Senator McCain has claimed for some time that he was initially critical of President Bush. A February 22, 2007 Los Angeles Times article discussed that, “McCain said his criticism started three years ago ‘when I saw that this train wreck was taking place, and that we needed more troops, and we needed a different strategy.'” Click to read the full text of the article. (more…)

Factcheck.org wrote an intersting article today about yesterday’s Democratic AFL-CIO debate in which it discusses Senator Barack Obama’s backtracking of his statement that he would consider invading Pakisan.

“Sen. Obama rewrote history when he defended his controversial remarks about invading Pakistan if necessary to eliminate al Qaeda.

Obama: I did not say that we would immediately go in unilaterally. What I said was that we have to work with [Pakistan’s President Pervez] Musharraf.

obama
    Scott Olson/Getty Images

That’s not exactly what he said. Obama is referring to an Aug. 1 policy address, in which he made no direct mention of working with Musharraf. Instead, he said he would “take out” al Qaeda if Musharraf failed to act.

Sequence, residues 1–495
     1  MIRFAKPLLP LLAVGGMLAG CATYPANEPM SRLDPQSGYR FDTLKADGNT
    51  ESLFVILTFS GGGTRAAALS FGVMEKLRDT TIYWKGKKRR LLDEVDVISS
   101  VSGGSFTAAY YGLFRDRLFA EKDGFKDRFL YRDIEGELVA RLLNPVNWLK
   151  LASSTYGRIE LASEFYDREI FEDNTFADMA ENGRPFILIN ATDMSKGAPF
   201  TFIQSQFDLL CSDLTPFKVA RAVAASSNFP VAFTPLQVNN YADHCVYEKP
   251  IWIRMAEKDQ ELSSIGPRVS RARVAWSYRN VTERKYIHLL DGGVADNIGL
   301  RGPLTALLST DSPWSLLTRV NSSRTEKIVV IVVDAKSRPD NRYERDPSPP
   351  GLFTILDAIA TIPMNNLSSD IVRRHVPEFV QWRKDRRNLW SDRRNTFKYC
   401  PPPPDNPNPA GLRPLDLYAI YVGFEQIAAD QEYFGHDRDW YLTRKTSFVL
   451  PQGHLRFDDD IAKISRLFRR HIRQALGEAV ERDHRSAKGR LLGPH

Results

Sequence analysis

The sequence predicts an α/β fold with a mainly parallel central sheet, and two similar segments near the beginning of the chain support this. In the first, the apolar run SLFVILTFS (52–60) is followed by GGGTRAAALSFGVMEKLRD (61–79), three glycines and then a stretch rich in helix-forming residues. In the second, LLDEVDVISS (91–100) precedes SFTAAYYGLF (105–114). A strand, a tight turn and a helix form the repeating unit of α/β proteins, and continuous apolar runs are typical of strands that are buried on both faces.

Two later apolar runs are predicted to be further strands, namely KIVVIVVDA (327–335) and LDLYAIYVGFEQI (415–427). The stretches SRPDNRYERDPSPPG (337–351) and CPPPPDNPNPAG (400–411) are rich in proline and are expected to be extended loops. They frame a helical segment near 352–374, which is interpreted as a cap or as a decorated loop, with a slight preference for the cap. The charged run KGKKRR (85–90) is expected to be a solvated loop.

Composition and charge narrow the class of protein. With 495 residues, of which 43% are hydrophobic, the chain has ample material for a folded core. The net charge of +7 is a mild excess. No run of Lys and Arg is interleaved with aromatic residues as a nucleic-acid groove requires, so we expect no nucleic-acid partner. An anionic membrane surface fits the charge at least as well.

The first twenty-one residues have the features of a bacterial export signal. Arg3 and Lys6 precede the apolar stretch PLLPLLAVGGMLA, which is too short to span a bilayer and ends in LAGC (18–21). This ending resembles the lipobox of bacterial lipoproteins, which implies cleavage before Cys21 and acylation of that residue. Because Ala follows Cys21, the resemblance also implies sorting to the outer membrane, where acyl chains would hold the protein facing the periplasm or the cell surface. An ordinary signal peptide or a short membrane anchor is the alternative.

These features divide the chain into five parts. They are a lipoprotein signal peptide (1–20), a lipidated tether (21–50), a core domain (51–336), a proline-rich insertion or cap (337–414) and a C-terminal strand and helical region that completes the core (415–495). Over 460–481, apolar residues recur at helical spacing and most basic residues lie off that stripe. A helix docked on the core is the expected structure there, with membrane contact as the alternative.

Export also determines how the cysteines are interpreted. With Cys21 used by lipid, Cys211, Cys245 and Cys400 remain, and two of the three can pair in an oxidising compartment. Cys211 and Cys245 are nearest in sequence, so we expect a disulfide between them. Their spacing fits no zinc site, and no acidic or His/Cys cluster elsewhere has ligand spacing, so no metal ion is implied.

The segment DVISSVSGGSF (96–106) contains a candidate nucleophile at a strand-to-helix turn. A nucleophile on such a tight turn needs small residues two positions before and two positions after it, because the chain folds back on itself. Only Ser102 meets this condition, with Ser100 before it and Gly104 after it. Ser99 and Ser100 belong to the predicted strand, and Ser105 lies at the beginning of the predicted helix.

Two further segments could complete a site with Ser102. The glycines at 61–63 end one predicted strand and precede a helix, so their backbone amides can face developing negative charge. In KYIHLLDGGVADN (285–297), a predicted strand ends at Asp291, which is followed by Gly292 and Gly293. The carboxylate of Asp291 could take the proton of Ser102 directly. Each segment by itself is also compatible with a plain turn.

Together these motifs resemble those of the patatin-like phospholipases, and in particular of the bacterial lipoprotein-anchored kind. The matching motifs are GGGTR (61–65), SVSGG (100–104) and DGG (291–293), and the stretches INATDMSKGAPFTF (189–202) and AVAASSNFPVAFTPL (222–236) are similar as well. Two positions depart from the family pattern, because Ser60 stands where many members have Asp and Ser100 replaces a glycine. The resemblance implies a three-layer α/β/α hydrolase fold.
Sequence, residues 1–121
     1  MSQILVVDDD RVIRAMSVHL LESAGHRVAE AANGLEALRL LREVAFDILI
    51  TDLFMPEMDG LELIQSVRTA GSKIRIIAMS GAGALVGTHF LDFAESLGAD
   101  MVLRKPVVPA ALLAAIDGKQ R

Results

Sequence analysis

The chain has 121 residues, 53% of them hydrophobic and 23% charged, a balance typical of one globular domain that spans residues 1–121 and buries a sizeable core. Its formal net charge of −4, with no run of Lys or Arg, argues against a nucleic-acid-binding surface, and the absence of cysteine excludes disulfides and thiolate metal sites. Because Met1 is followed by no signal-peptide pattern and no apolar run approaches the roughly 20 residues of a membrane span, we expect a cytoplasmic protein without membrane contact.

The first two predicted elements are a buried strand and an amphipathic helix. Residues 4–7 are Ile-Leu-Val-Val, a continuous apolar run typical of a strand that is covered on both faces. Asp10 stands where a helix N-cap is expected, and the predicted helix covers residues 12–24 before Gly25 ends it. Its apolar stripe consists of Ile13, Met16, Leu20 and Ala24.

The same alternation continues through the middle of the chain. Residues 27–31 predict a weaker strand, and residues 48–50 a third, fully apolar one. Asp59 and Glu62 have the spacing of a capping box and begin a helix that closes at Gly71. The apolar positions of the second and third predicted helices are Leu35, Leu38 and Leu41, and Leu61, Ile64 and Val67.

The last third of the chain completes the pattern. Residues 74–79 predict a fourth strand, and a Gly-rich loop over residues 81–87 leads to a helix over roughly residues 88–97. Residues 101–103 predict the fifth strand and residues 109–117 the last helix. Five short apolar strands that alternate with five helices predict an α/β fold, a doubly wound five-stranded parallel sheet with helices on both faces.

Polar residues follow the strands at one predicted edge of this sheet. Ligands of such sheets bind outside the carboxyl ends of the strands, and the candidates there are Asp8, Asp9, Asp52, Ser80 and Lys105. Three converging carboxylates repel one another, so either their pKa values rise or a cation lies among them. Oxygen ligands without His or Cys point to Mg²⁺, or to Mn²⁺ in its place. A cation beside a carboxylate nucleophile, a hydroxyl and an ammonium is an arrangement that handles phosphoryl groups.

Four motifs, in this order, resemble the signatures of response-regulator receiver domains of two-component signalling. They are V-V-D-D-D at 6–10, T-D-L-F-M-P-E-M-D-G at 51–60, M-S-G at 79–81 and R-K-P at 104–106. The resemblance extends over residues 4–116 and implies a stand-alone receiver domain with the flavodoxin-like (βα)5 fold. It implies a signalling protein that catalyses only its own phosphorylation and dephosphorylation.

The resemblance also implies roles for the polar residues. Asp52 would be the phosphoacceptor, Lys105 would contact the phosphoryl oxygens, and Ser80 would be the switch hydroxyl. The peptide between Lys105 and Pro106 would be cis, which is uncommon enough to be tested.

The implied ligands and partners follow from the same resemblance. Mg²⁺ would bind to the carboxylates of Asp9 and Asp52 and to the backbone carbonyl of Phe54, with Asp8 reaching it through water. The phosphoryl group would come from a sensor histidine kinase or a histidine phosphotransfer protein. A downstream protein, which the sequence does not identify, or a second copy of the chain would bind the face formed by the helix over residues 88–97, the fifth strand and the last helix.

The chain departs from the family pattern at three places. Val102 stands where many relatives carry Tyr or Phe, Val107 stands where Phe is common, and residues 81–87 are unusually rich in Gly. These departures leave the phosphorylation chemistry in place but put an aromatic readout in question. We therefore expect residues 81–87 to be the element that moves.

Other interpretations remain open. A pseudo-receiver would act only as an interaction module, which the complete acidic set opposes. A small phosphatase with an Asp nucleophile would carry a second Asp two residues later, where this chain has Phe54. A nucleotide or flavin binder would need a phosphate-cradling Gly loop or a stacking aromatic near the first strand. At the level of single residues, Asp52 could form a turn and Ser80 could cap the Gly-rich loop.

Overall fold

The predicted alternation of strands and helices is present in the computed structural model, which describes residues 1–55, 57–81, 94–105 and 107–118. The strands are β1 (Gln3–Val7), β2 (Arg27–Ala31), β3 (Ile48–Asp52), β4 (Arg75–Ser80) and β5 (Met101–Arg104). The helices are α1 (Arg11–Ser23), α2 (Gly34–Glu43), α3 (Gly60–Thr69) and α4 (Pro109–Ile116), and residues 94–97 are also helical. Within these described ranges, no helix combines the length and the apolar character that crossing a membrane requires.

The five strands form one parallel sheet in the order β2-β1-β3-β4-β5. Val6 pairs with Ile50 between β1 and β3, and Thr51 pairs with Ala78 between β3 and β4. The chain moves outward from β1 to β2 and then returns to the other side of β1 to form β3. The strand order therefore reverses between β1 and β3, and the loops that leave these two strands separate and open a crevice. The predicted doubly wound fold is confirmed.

Obama (Aug. 1): I understand that President Musharraf has his own challenges. But let me make this clear. There are terrorists holed up in those mountains who murdered 3,000 Americans. They are plotting to strike again. It was a terrible mistake to fail to act when we had a chance to take out an al Qaeda leadership meeting in 2005. If we have actionable intelligence about high-value terrorist targets and President Musharraf won’t act, we will.

That’s the only time Obama mentions Musharraf at all in the speech, as posted on his own campaign Web site.”

MSNBC’s David Shuster filed this report on Monday’s Hardball, which sums up Sunday’s Republican presidential debate in Iowa. Romey’s flip-flops were a big topic of discussion. Romney said, “I am pro-choice, and that is the truth….and I am tired of people that are holier than thow because they are pro-choice longer than I have.

The report goes on to discuss Romney’s contention “he has always been secretly pro-life” and regretted not being open about his true beliefs while governor of the liberal state of Massachusetts.   

Schuster goes on to say, “The issue is whether Romey is a man of true beliefts, or if he will say anything to get elected.” 

Romney then accused Senator Barack Obama of inconsistency on foreign policy. “In one week he went from saying he’s to sit down for tea with our enemies to he’s going to bomb our allies. In one week he went from Jane Fonda to Dr. Strangelove.”